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Original Research |

Comparison of the Indices of Oxyhemoglobin Saturation by Pulse Oximetry in Obstructive Sleep Apnea Hypopnea Syndrome

Chen-Liang Lin, PhD; Chinson Yeh, PhD; Chen-Wen Yen, PhD; Wu-Huei Hsu, MD, FCCP; Liang-Wen Hang, MD*
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*From the Department of Mechanical and Electro-Mechanical Engineering (Drs. Lin, Yeh, and Yen), National Sun Yat-Sen University, Kaohsiung; and Sleep Medicine Center (Dr. Hang), Department of Internal Medicine, and Division of Pulmonary and Critical Care (Dr. Hsu), Department of Internal Medicine, China Medical University Hospital, Taichung, Taiwan.

Correspondence to: Liang-Wen Hang, MD, Sleep Medicine Center, Department of Internal Medicine, China Medical University Hospital, No. 2, Yude Rd, North District, Taichung City 404, Taiwan; e-mail: lungwen.hang@gmail.com

*Data are presented as mean ± SD or No. NS = not significant.

†Between the learning and validation sets.

*Definition of terms: A = mean of all-night oxygen; 3M = mean of first 3 min of overnight oxygen recording; 1M20 = mean of top 20% of oxyhemoglobin values over the 1 min preceding the scanned oxyhemoglobin.

†Correlation and p value were between indices and AHI.

*CT90 = cumulative time spent below 90%; CT80 = cumulative time spent below 80%; DI90 = threshold and fall index in Spo2 to ≤ 90%. See Figure 1 legend for expansion of abbreviations.

†Correlations and p values were between indices and AHI.

*Data are presented as mean (95% confidence interval).

*Data are presented as mean (95% confidence interval).

The study was approved by the Medical Research Ethics Committee of the China Medical University Hospital. The study number is DMR 96-IRB-17.

This study was supported by a grant from China Medical University Hospital (DMR-97-029).

The authors have no conflicts of interest to disclose.

Reproduction of this article is prohibited without written permission from the American College of Chest Physicians (www.chestjournal.org/misc/reprints.shtml).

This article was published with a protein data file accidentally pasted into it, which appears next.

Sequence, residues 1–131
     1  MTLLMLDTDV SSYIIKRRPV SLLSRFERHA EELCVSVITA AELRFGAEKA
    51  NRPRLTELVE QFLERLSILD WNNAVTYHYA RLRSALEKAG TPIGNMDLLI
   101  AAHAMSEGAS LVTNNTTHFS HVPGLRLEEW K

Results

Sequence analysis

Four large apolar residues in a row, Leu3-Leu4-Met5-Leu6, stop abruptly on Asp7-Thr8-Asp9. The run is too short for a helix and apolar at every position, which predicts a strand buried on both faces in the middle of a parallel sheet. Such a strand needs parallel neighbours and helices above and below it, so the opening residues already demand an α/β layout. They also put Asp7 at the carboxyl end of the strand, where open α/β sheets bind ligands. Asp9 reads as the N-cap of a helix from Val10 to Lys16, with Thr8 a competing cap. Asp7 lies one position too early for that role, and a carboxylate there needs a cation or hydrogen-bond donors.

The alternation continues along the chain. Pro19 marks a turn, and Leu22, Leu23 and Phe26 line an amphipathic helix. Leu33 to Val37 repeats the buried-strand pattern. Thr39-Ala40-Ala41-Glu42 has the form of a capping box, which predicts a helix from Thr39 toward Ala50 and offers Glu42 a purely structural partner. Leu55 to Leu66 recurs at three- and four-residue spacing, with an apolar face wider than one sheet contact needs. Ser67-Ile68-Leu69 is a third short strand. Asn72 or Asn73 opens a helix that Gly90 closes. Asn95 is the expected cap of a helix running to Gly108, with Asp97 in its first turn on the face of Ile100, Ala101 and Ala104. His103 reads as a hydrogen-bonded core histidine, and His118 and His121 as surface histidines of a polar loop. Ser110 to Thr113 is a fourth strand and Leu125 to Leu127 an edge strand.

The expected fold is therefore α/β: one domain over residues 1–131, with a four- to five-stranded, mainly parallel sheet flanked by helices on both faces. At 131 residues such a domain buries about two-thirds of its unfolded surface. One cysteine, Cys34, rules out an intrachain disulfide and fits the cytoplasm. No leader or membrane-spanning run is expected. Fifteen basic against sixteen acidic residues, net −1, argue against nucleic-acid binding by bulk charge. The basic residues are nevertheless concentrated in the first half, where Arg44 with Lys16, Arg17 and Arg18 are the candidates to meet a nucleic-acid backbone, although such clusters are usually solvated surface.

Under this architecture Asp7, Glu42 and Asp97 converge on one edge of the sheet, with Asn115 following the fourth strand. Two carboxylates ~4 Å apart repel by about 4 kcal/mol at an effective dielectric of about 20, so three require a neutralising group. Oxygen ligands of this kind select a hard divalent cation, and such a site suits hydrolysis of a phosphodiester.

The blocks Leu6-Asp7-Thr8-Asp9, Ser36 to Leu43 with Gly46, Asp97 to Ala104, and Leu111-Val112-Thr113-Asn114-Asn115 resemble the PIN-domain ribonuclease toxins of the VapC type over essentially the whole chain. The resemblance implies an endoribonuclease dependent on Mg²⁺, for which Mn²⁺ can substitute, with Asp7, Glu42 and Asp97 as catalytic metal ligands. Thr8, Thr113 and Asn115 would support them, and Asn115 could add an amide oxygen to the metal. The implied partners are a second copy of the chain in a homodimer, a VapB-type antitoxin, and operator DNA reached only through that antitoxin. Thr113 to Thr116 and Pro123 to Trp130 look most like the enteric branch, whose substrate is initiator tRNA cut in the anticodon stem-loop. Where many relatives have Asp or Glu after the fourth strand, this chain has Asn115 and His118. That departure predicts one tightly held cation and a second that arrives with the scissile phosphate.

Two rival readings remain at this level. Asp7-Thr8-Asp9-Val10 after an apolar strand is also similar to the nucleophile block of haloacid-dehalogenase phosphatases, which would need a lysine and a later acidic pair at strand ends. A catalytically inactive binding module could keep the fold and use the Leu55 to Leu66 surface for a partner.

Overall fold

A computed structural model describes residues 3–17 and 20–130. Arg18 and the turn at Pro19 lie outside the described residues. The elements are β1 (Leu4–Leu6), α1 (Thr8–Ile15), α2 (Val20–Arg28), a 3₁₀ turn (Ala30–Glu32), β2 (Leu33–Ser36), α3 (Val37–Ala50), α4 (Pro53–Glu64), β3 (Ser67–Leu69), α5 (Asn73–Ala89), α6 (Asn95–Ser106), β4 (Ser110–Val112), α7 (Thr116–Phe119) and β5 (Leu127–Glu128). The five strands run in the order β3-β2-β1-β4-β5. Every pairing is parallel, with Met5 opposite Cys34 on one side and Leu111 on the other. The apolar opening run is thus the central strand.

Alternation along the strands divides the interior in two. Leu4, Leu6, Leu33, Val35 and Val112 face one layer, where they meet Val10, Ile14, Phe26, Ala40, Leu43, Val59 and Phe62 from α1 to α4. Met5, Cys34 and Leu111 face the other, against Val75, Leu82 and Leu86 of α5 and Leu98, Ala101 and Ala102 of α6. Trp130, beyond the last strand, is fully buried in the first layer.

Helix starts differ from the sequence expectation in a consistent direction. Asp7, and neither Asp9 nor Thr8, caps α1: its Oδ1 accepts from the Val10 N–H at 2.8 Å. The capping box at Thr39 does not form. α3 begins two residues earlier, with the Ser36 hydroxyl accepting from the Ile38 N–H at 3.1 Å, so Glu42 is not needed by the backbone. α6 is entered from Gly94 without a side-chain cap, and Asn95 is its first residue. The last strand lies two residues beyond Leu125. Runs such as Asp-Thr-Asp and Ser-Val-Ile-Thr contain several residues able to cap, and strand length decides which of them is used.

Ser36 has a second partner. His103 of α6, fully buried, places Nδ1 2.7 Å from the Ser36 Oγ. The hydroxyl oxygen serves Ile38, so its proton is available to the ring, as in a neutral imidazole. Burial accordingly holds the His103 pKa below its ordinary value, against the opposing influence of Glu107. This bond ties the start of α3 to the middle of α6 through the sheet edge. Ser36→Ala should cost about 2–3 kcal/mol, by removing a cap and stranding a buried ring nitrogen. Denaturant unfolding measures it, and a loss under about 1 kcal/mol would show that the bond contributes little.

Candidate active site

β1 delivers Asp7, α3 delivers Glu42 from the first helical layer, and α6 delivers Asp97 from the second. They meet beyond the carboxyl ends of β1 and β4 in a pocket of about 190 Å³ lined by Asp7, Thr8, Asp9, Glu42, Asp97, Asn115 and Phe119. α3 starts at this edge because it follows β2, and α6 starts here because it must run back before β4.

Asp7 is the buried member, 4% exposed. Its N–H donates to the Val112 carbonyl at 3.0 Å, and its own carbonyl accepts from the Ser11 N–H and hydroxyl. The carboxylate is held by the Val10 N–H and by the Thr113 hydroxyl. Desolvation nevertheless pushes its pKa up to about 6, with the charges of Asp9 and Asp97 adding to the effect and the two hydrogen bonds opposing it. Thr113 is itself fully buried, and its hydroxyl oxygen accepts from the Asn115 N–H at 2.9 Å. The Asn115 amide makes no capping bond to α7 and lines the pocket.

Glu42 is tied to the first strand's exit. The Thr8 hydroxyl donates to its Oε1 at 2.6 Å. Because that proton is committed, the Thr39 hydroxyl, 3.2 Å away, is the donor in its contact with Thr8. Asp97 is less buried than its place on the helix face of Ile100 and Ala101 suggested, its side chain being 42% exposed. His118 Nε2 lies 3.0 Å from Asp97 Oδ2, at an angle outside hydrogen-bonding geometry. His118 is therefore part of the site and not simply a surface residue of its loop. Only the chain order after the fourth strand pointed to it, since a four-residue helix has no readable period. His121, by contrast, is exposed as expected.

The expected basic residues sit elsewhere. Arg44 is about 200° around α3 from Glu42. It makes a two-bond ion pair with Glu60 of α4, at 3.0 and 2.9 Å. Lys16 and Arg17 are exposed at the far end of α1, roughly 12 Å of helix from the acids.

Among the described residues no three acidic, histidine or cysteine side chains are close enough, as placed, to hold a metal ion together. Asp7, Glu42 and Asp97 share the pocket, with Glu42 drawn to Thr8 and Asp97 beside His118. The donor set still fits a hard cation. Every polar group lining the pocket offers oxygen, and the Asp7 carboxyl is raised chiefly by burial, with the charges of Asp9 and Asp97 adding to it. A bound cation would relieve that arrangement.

The study was approved by the Medical Research Ethics Committee of the China Medical University Hospital. The study number is DMR 96-IRB-17.

The study was approved by the Medical Research Ethics Committee of the China Medical University Hospital. The study number is DMR 96-IRB-17.

This study was supported by a grant from China Medical University Hospital (DMR-97-029).

This study was supported by a grant from China Medical University Hospital (DMR-97-029).

The authors have no conflicts of interest to disclose.

The authors have no conflicts of interest to disclose.

Reproduction of this article is prohibited without written permission from the American College of Chest Physicians (www.chestjournal.org/misc/reprints.shtml).

Reproduction of this article is prohibited without written permission from the American College of Chest Physicians (www.chestjournal.org/misc/reprints.shtml).


Chest. 2009;135(1):86-93. doi:10.1378/chest.08-0057
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Objectives:  To comprehensively evaluate the ability and reliability of the representative previously proposed oxyhemoglobin indexes derived automatically for predicting the severity of obstructive sleep apnea hypopnea syndrome (OSAHS).

Methods:  Patients with a diagnosis of OSAHS by standard polysomnography were recruited from China Medical University Hospital Centre. There were 257 patients in the learning set and 279 patients in the validation set. The presence of OSAHS was defined as apnea-hypopnea index (AHI) > 5/h. Three kinds of oxyhemoglobin indexes, including the oxyhemoglobin desaturation index (ODI), time-domain index, and frequency-domain index, were used. Degrees of severity were AHI > 15/h and AHI > 30/h, representing moderate and severe OSAHS. A total of 28 oxyhemoglobin indexes were tested in our study.

Results:  Among the three kinds of indexes, ODI had a better diagnostic performance than the time-domain and frequency-domain indexes, with the results coincident in the validation set and learning set. For predicting the severity of OSAHS with AHI > 15/h or > 30/h, the ODI clinically had the higher correlation with AHI than time-domain and frequency-domain indexes, with sensitivity/specificity achieving 84.0%/84.3% in AHI > 15/h and 87.8%/96.6% in AHI > 30/h, respectively.

Conclusions:  Based on the smaller SEE of the AHI, the ODI had a significantly smaller SEE than the time-domain and frequency-domain indexes. The ODI index provided a high level of diagnostic sensitivity and specificity at different degrees of OSAHS severity.

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